(listening time: 5:35 minutes)
One humid Sunday in July, Asha and I entered the woods and veered left at the fork in the trail as we often do.* Several yards later, I turned around and saw Asha had stopped.
She wasn’t intently smelling ferns or searching the sky for the source of a sound. Her expression wasn’t one of worry. She wasn’t alert and curious with her guard hairs up. Her tail wasn’t tucked tight indicating fear.
She simply stood in the middle of the path.
I called and she came without her usual eagerness and stopped again, so we returned to the fork and started up the trail on the right. The same thing happened. Another full stop.
Perhaps she smelled something. Perhaps she was as worn out by the humidity as I was and wanted a morning off. Perhaps she wasn’t feeling well.
I’ll never know.
But I do know Asha was saying “No” and I needed to respect that.
As we turned around, I was intrigued by the ease with which I said, “Okay, Asha. Let’s go home.”
Asha knows things I don’t. She knows before I do that a storm is coming. She catches the scent of her friend Melia and races along the trail to find her. She’ll be asleep, then suddenly bark and run around the house, alerted by something I didn’t hear.
It’s my job to listen to her and not just the other way around. If I want her to listen when I say, “No! Stay away from the porcupine,” I need to listen when she says, “No, I’m not walking up that trail.”
So when Asha comes to a full stop, I accept she has a reason, even if I don’t know what it is.
My ability to accept my own No’s is a different matter.
Sometimes it’s straightforward. I say No and move on. “No. It’s too humid to eat dinner on the porch.” “No. I don’t feel safe going to the beach right now even if we wear masks and stay more than six feet away from others.” “No. I don’t want to weave that custom order because weaving single-colored cloth is not my style.”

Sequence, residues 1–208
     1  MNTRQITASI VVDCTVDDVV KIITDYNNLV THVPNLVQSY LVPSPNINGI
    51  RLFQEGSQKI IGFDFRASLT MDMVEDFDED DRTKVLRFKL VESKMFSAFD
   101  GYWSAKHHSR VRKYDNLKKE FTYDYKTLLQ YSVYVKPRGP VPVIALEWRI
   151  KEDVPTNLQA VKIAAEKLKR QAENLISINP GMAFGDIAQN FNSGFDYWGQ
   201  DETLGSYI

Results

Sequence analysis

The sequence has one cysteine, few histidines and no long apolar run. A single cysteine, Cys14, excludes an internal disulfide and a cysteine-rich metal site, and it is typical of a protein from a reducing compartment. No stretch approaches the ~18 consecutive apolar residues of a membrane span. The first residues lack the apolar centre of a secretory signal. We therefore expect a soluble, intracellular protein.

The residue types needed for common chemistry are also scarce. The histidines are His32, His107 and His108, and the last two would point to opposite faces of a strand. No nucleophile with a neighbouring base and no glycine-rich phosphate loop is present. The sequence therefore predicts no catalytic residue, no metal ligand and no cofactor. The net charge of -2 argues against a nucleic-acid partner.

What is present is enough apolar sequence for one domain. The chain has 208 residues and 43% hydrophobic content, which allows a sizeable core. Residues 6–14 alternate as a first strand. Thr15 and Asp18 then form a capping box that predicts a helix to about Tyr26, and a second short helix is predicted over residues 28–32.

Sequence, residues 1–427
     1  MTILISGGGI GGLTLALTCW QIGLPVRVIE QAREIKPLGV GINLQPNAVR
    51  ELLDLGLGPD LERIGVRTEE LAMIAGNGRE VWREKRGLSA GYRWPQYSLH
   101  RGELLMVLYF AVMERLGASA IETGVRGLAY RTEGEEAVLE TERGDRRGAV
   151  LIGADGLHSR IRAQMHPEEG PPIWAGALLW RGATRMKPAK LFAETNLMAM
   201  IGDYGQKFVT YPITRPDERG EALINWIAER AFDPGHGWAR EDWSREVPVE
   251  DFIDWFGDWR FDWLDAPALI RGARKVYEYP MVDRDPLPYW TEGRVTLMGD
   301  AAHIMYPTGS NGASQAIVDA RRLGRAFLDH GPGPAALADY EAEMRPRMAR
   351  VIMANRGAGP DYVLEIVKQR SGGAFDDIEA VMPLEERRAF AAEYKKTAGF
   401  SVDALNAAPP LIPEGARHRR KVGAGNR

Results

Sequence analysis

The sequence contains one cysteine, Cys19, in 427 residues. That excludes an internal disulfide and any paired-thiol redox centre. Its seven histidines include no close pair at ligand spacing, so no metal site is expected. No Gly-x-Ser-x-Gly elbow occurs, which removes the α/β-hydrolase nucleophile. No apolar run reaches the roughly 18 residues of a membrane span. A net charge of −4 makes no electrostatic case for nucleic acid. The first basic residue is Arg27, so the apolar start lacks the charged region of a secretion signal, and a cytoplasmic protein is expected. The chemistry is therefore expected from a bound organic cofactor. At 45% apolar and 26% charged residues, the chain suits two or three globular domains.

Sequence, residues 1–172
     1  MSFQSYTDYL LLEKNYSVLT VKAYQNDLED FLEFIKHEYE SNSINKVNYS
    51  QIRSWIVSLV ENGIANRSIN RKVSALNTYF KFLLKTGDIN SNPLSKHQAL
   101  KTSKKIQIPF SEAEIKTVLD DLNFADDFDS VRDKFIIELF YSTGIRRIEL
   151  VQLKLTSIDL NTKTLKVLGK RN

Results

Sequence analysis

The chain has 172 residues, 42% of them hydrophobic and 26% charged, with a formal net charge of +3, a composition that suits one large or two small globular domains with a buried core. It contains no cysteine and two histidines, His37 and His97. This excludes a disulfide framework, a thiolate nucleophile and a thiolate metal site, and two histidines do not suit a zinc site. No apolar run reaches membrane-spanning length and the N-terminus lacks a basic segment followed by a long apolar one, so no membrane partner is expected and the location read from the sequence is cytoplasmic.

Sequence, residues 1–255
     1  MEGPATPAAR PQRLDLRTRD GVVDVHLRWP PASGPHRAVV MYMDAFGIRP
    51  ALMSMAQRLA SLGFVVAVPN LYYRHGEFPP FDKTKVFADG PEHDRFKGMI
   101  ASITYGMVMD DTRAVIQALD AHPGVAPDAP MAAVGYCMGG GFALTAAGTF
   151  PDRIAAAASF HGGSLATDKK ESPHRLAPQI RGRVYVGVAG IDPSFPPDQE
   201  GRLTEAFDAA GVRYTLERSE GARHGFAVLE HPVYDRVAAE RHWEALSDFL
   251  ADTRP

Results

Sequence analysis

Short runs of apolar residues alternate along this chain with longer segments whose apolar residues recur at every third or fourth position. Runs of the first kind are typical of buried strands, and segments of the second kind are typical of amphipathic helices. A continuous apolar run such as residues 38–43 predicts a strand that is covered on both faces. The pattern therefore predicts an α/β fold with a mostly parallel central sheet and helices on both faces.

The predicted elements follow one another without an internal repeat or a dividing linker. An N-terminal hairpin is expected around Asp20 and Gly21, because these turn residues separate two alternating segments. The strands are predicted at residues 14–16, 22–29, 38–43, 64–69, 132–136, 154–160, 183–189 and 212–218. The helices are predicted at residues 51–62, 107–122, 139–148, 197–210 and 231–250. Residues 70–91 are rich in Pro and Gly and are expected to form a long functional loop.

Then there are the challenging No’s – the ones that have a Supposed To or a Should attached – that tie me up in doubt, have me spend hours second-guessing myself.
When I started my weaving business, Whimsy & Tea, a lot of craftspeople asked if I had an Etsy store. Given their enthusiasm, I felt I was supposed to set up a store too. I researched the ecommerce platform and could see the appeal, but something in me wasn’t convinced.
Around that time I started exploring ways to get out of my head, which can argue pros and cons for days, and tap into my body’s wisdom. When I checked in with my body about Etsy, the answer was “No, this isn’t for you.”
While I acted accordingly, this didn’t stop me from second-guessing my decision. I was a good girl, used to looking outside myself for advice so wanted to know why Etsy wasn’t for me. When so many others embraced the ecommerce platform, why wasn’t I? I felt like I needed a logical explanation, and preferably an irrefutable one. The next time someone asked, I wanted to respond, “No, because ….” And saying, “No, because my body says No,” felt too woo-woo to say aloud.
When I finally accepted that what mattered was respecting the No, not articulating the reason, I felt such relief. I let go of the exhausting pushing and prodding and trusted my own wisdom. “No” became a complete sentence.
I can still get tied up in knots, searching for the reasons behind a No, but over time this has become less and less about feeling I need to justify or explain myself to others. It’s also less about second-guessing myself because I think others know more than I do. Instead it’s rooted in curiosity and a desire to uncover what the No is telling me about what matters to me, so that I can more fully step into myself.
I don’t have Asha’s keen sense of smell, her acute hearing, her sensitivity to changes in the weather. I do have intuition, gut responses, stuck energy and ways to check in with my body. My journey with No has been – and continues to be – about listening to and trusting these non-verbal ways of knowing. It’s about reclaiming my own wisdom.
* I respectfully acknowledge that Asha and I live and walk on the ancestral homelands of the Pocumtuck, whose descendants, along with the Nipmuck and the Abenaki, still live here.